As Latterell attempted to arouse himself, the complainant noticed that he was constantly glancing around the parking lot. Seeing this as a chance to escape, the complainant jumped up and started to run away. Petitioner chased her and grabbed at her skirt, but the complainant managed to break free and run towards people standing the parking lot, screaming that she had been raped. T.247-49.

Minutes before that, as probation officer John Zito ("Zito") was leaving Bally's, he heard a woman screaming for help. He went to investigate and, from about twenty yards away, saw the complainant fleeing from Latterell who was in the midst of zipping up his pants. T.286-87, 291, 293. Zito saw something blade-like in petitioner's hands as petitioner attempted to pull the complainant down to the ground. Zito drew out his off-duty pistol and ordered petitioner to stop and get down. T.293. Petitioner ignored this command and continued to run toward Zito. T.294-98.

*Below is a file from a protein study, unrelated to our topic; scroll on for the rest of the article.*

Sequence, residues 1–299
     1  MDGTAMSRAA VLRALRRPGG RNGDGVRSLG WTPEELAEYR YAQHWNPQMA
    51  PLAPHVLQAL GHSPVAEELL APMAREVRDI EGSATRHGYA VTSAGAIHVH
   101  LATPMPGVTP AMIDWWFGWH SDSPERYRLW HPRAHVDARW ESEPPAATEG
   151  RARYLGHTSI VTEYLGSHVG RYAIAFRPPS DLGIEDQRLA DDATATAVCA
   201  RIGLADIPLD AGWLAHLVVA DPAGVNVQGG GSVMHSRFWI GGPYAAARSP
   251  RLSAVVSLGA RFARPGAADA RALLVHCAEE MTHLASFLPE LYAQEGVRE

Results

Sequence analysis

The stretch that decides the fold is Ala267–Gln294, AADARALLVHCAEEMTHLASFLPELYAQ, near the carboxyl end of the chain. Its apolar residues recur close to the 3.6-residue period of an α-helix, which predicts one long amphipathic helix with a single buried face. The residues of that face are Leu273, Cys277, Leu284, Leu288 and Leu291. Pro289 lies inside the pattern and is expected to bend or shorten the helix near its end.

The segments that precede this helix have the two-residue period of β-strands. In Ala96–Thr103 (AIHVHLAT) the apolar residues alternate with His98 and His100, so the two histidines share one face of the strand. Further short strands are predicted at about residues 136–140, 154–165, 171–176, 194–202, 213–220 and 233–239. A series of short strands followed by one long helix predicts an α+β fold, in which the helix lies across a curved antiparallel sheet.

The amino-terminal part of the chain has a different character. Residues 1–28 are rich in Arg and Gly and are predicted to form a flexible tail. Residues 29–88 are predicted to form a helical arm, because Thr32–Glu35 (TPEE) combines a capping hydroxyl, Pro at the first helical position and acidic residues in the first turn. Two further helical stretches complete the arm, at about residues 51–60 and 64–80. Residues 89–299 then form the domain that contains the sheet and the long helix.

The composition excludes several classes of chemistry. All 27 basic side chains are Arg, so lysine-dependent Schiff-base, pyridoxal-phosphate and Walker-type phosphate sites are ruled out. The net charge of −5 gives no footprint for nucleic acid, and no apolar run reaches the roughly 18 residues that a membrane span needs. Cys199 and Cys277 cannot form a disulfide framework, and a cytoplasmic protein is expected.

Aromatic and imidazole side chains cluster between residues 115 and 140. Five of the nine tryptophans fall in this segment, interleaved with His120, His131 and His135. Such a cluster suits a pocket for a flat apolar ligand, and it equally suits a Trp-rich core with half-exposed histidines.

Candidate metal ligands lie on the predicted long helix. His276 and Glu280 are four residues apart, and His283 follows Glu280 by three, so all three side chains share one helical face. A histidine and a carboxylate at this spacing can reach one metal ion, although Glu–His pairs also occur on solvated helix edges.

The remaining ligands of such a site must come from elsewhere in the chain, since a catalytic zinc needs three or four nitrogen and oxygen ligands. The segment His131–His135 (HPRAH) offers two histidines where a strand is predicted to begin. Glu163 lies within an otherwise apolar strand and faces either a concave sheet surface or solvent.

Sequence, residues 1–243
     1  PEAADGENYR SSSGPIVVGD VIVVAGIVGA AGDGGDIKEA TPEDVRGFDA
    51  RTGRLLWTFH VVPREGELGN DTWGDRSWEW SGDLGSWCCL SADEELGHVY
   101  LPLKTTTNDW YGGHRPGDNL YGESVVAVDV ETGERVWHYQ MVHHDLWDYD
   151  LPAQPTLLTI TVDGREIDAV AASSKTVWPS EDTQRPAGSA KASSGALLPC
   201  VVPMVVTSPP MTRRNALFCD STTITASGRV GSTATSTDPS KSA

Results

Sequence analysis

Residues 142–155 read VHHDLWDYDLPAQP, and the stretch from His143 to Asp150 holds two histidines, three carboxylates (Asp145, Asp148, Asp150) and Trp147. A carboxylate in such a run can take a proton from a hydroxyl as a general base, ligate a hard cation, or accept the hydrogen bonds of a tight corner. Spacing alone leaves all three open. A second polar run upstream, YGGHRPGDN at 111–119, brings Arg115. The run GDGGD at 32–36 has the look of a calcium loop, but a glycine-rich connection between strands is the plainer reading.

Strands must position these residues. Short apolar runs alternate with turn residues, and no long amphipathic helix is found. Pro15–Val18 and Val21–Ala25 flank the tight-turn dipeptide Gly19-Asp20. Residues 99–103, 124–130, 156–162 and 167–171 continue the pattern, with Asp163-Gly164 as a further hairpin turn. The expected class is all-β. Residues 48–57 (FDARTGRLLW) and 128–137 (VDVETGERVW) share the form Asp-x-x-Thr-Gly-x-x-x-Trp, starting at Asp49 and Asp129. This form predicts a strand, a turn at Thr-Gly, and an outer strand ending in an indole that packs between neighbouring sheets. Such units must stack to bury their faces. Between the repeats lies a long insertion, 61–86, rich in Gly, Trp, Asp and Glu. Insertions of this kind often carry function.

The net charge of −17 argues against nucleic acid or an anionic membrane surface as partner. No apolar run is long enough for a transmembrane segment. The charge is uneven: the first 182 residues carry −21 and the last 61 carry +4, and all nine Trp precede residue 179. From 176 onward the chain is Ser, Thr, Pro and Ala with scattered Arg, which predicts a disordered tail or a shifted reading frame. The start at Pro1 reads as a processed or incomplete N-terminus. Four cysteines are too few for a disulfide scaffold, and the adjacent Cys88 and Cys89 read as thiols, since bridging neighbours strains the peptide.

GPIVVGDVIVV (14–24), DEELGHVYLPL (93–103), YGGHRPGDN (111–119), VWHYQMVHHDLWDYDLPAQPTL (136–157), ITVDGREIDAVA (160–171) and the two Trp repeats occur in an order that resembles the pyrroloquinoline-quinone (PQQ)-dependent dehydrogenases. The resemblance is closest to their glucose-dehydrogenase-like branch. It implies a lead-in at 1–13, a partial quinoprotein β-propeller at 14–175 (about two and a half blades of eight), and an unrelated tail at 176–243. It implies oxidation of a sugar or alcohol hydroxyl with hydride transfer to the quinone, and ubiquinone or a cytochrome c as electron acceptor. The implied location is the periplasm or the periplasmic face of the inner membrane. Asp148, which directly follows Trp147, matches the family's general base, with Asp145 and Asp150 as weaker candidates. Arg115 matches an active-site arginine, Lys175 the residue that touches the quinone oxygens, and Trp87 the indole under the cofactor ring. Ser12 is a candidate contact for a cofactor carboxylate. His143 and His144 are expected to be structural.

Petitioner them jumped into his van and attempted to hit Zito by backing into him. Zito fired his gun at the van as petitioner drove away and managed to write down a partial license plate number. T.300-03. Zito then engaged in a car chase with petitioner but lost sight of him. Zito flagged down a sheriff's patrol cruiser and informed the deputies of what had just transpired at Bally's. T.303-07, 348-51. Zito described the victim as beaten and severely injured and recalled that petitioner had dropped the blade-like item he was holding before he fled the scene.